Florida’s SART website lists the following states that have also developed their own state animal response teams, including Maine, Kansas, Alabama, Georgia, Virginia, New Jersey, North Carolina, Colorado, Connecticut, New York and Louisiana.
In Texas, the Texas Animal Health Commission (TAHC) works with USDA to
plan, collaborate, and coordinate with the states’ animal health-related agencies, agriculture industries, and other related agencies and parties. TAHC and USDA work to prevent and respond to foreign animal disease outbreaks, dangerous parasite or pest infestations, and bioterrorism. The agencies are ready to assist in response and recovery during natural or man-made catastrophes, including fires, floods, and hurricanes, in accordance with the FEMA Emergency Response Plan and/or the State of Texas Emergency plan in the following areas: Animal ownership identification, livestock restraint/capture, carcass disposal, coordinating livestock evacuation, consulting on animal health and public health concerns, and chemical/biological terrorism issues.
On their website, TAHC provided the following update on September 9, 2017:
The Animal Response Operations Coordination Center is now in day 15 of Hurricane Harvey response and recovery.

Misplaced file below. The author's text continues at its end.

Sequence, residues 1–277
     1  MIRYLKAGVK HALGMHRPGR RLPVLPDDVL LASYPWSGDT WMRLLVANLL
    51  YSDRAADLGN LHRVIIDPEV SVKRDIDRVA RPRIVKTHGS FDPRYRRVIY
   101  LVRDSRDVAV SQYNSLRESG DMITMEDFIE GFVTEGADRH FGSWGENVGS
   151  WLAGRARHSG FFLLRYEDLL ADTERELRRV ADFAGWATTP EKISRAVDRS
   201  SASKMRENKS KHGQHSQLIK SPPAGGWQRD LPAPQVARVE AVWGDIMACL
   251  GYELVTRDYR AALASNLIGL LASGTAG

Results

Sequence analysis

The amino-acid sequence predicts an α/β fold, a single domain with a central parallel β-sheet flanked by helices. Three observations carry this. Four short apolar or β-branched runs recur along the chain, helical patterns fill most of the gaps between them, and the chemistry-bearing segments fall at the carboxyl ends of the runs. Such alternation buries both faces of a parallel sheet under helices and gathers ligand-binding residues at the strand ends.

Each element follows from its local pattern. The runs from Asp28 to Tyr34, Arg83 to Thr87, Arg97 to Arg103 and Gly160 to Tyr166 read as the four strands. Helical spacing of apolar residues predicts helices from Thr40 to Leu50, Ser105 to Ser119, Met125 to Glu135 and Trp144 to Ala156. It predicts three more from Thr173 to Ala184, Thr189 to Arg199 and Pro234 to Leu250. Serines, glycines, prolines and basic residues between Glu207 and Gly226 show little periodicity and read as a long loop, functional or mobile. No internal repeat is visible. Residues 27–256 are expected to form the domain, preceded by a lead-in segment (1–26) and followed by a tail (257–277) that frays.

TAHC animal assessment teams deployed – 2 teams of at least two people each. We are scaling back but will continue efforts until all animal needs are met
The following counties were completed by ground or air – Aransas, Austin, Bee, Bastrop, Brazos, Brazoria, Burleson, Calhoun, Caldwell, Chambers, Colorado, Dewitt, Fayette, Fort Bend, Galveston, Goliad, Gonzales, Guadalupe, Grimes, Hardin, Harris, Houston, Jackson, Jasper, Jefferson, Karnes, Lavaca, Lee, Liberty, Madison, Matagorda, Montgomery, Nueces, Newton, Orange, Polk, Refugio, Sabine, San Jacinto, San Patricio, Trinity, Tyler, Victoria, Walker, Washington, Waller, and Wharton.
TAHC and partners have assessed more than 18,881 livestock by air and ground.